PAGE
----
Wallace Black Elk, also a renowned Lakota Shaman extends his scope beyond the realm of the Lakota nation to include all human beings ( Black Elk Lyon W 1991).  Wallace Black Elk believes that the powers of the sacred pipe is for everyone. He noted long ago that when the spirits do appear, they never claim to a racial identity. He said Lakota prophecy speaks of the sacred pipe as going out to all nations. He sees this world view as not simply his personal philosophy but as part of the sacred teachings themselves.  He calls it "earths people philosophy” (xiv  Black Elk the Sacred ways of a Lakota 1991) . 






In Black Elks vision, he could see beautiful land where many people were camping in a great circle. They were happy and had plenty, the drying racks were full of meat and the air was clean and beautiful with a living light everywhere. Around the circle were fat and happy horses. Animals of all kinds were returning with their meat. The flowering tree was in the centre of the circle all green and full of flowers (Sacred Pipe 1989) 

                                                                                                                                                                                                       Black Elk saw his people going down the Black road. They were no longer acting as one people, they were scattered. Some had more of everything that they could use while crowds of people had nothing at all and were maybe starving.  They Lived in square houses -plots of land were divided and not shared. There was no regard for the land or nature . White people for instance would Hunt bison, taking just the  tongue to sell.  Many times they would kill them just for sport and nothing else, having total disregard to the spirit and sacredness of such incredible beings (Sacred Pipe 1989)   


The vision left him with a responsibility to bring to life the flowing tree of his people . It haunted Black Elk all his life and caused him much suffering for although he had been given the power to lead his people in the ways of his grandfathers, he did not understand by what means the vision could be fulfilled . 


It was due to this pervasive sense of mission that Black Elk wished to make a book explaining the major rites of the Oglala Sioux. His great hope was that through the book his own people as well as the white man would gain a better understanding of the truths of their Indian traditions ( xv The Sacred Pipe 1989).  It has been many years since Black Elk last spoke and there have occurred many changes which demand his message and similar messages of other traditionally orientated people be placed in a new perspective and in a new light. We are now forced to undergo a process of intense self examination to engage in a serious re-evaluation, and many are looking with sincerity to the kinds of models which are represented by the American Indians (The Sacred Pipe 1989)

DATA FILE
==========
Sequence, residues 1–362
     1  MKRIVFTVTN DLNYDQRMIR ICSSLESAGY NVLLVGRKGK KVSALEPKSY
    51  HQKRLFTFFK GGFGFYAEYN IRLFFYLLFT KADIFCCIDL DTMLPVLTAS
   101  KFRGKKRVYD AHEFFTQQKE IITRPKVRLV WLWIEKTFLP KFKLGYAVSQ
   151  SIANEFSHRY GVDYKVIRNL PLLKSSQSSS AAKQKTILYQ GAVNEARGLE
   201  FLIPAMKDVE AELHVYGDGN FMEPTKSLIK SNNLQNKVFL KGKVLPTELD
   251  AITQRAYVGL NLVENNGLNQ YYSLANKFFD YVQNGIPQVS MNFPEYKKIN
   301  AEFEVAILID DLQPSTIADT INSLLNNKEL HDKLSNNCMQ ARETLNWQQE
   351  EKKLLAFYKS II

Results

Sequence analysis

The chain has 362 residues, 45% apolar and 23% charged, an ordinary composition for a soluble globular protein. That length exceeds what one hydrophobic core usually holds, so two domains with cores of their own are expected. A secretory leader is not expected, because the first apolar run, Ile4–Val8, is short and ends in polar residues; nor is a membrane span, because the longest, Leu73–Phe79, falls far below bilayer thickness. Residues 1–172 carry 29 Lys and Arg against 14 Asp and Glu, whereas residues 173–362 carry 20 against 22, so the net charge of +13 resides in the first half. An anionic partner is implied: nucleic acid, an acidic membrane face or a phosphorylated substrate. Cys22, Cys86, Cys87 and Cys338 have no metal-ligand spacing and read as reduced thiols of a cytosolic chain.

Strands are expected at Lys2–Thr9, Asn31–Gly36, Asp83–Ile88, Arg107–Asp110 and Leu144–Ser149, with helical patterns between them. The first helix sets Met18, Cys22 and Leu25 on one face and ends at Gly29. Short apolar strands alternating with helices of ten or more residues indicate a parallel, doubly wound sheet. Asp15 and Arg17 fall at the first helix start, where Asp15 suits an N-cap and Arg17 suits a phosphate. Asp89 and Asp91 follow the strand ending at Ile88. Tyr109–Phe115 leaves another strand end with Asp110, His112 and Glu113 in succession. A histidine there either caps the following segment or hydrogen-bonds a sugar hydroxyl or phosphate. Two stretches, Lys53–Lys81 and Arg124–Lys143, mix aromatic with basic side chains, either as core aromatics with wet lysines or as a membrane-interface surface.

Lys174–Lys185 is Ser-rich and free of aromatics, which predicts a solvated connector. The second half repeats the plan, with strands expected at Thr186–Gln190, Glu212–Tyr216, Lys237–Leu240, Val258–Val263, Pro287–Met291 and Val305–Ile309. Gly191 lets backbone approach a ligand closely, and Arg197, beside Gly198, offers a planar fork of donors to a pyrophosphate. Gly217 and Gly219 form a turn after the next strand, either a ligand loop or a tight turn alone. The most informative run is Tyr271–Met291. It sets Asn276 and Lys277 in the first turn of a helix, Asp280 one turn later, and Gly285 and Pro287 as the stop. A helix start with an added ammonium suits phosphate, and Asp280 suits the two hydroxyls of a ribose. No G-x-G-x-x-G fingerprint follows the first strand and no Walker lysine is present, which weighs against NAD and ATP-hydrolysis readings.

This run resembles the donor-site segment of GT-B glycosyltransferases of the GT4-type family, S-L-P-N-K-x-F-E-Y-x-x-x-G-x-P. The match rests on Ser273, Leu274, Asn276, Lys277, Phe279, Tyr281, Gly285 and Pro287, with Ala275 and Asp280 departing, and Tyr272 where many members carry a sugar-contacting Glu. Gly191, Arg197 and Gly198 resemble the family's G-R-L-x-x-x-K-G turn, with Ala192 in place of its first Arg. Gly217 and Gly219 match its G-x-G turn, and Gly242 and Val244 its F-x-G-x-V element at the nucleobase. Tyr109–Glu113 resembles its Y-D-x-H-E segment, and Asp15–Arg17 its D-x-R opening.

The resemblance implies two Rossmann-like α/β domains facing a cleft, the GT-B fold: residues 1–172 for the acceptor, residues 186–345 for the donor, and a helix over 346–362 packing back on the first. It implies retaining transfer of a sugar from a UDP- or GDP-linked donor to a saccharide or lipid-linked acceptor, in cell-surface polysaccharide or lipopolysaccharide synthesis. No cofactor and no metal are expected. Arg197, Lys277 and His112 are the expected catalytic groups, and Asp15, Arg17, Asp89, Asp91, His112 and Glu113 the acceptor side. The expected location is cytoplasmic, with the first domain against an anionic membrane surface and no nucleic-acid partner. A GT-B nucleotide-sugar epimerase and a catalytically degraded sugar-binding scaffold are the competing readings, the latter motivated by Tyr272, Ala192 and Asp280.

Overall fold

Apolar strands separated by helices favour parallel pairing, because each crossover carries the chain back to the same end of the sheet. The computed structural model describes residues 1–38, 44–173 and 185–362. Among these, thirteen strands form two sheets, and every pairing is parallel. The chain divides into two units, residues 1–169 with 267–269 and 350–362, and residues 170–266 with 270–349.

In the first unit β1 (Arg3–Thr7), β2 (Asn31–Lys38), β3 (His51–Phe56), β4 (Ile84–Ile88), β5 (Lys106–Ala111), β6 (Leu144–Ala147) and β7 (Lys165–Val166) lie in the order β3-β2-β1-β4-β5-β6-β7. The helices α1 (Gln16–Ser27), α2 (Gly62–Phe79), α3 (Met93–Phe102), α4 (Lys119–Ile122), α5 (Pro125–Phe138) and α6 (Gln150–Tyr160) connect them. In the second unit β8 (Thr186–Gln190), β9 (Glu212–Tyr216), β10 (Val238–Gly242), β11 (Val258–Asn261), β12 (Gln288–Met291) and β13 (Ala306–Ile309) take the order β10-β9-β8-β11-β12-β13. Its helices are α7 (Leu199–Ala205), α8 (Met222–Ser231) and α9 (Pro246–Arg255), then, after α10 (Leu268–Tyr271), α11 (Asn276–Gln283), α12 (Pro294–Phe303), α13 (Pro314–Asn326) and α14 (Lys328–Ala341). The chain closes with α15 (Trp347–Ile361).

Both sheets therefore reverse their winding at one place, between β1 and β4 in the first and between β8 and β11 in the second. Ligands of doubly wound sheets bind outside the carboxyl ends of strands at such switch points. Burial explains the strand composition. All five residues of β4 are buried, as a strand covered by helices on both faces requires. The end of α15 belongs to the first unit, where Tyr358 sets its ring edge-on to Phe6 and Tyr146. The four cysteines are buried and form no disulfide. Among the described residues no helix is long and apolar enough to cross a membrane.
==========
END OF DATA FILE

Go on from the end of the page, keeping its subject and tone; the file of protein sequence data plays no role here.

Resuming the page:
Black Elk didn't experience his mission as being fulfilled, to bring his people back to the good red road. It is possible as with many visions, that he was an Ambassador for change. Change  may take many life times. His message and influence has been carried across generations and the World and so he is succeeding in ways he could not have anticipated. This is an opportunity to help Black Elk and become one of the teachers to support  people to understand the greatness and truth of Indian tradition,  to help bring peace upon the earth, not only among humans but between human and the whole creation( Sacred Pipe 1989 ) We should know that all things are the works of the great spirit. He is within all things, the trees grasses, rivers, mountains, four legged, winged peoples and those that crawl on the ground.


Becoming a Sacred Drummer offers a life path towards bringing manifestation of Black Elks vision to dream big and beyond one lifetime. Corona Virus has brought grief, destruction, but also opportunity. 


 Financing courses in this moment may seem difficult, but other moments will be different, offering an opportunity for you to bring about your vision and a chance to engage in a Sacred Drummers life’s work, to follow the Red Sacred Road and the path of the Lakota. To bring into life the visions of Black Elk and Grandfather Wallace.


This world is for our children and grandchildren. In Sacred Drumming we are signing up for a way of life, a philosophy and principles that guide and support growth. This is an invitation to walk along side Black Elk and path towards a restoration, a call for prayer, not in the religious sense, but to bring alive this gift and pass it on to the next generation thus beginning to live close to our Mother Earth. 



Jeanie


sacredguide.co.uk     April 2020


Wallace Black Elk, William S Lyon (1991) Black Elk - The Sacred Ways of a Lakota. HarperOne, Imprint of HarperCollins Publishers


Joseph Epes Brown (1989) The Sacred Pipe: Black Elk's Account of the Seven Rites of the Oglala Sioux. University of Oklahoma Press


John G Neihardt (2014) Black Elk Speaks - The Complete Edition. University of Nebraska Press, Lincoln and London. Original printings of "Black Elk Speaks" (c)1932,1959,1972 by John G Neihardt